Wow, I love that title,

…here are a couple of hairy, straight, suggestions for ways in which Foucault’s analysis benefits Christian thinking about sexuality.

First, Foucault has a lot to say about why and how our culture loves to speak about sex. On the one hand we are continually telling ourselves that sex is the subject of taboo: Help, Help, Sex is being Repressed!

Queer EyeYet the person who speaks about sex is seemingly free of these taboos. They have stepped over the boundary lines of polite speech. Someone who speaks about sex has apparently been freed from this repression – speaking about sex is a claim to have power. Foucault draws a fascinating line between the person who speaks about sex and denounces sexual repression and the Biblical prophet, The speaker about sex denounces the violence and oppression of society from outside its power structures, and announces a time when power and oppression will be done away with, when the innate sexuality of bodies will be freed. Does that sounds a bit like a sexual take on the end of the age, and the beginning of the resurrection?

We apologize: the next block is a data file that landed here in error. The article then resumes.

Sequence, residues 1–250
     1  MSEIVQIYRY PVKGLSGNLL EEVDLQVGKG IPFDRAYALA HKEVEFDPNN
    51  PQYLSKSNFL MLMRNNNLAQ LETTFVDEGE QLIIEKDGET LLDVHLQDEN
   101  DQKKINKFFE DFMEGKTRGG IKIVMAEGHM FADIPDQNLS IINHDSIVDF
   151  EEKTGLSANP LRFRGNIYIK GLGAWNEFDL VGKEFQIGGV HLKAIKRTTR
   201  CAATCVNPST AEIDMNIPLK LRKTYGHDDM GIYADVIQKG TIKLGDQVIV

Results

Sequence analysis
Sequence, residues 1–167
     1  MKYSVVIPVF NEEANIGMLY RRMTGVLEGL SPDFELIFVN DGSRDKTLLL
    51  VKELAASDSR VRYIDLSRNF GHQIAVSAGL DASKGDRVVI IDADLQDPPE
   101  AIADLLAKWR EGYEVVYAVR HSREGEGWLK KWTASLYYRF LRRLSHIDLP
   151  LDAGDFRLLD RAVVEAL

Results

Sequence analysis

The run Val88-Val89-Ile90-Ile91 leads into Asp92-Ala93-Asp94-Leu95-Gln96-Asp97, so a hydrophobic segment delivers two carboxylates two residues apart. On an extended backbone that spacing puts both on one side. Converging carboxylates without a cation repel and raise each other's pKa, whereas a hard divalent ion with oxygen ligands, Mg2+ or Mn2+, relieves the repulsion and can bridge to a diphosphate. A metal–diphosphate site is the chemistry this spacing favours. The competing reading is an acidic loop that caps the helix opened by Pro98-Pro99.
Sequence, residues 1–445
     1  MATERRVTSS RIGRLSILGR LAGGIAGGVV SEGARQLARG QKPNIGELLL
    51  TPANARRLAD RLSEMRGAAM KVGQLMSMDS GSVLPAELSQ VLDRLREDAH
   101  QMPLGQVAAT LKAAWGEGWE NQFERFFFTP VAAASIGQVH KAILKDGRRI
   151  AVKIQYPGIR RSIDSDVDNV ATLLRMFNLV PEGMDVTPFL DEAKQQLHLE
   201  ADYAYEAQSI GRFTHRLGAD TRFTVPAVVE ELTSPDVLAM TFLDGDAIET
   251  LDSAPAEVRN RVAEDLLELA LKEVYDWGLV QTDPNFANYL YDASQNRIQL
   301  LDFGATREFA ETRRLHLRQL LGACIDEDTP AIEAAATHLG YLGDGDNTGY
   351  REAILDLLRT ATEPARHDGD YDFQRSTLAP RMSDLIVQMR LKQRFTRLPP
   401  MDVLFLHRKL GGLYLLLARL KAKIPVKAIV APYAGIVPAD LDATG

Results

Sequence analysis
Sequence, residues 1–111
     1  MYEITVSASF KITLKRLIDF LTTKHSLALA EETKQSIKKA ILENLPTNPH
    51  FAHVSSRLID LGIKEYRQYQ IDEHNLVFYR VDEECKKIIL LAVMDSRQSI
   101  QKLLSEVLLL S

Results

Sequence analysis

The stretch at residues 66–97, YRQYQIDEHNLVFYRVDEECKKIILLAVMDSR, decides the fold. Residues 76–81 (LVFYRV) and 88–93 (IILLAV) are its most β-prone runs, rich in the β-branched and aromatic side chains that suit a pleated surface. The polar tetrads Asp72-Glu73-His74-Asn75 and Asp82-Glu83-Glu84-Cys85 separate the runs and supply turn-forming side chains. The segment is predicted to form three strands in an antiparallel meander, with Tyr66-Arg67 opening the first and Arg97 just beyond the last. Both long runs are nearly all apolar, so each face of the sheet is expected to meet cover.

Hey, that’s our sandwich board!

Second, Foucault has done us an immense favour by giving a good shake to the largely unquestioned connection between sexual behaviour and identity in our popular culture.
Foucault argues, for example, that the ‘Gay’ man, is a relatively recent invention, whose appearance and constitution in society are not entirely the products of his sexual behaviour. Don’t get me wrong, this has nothing to do with questions about the psychology and genetics of sexual orientation (other people will have plenty to say about that). It has everything to do with the growth of a tendency to ground our identities in our sexuality. I mean, what on earth is a ‘metrosexual’?
And how do we keep them away from densely populated areas?

There’s a lot more thinking to be done here. If you want to do it, let me know, we can go out for coffee and croissants, I’ll wear my favourite skivvy.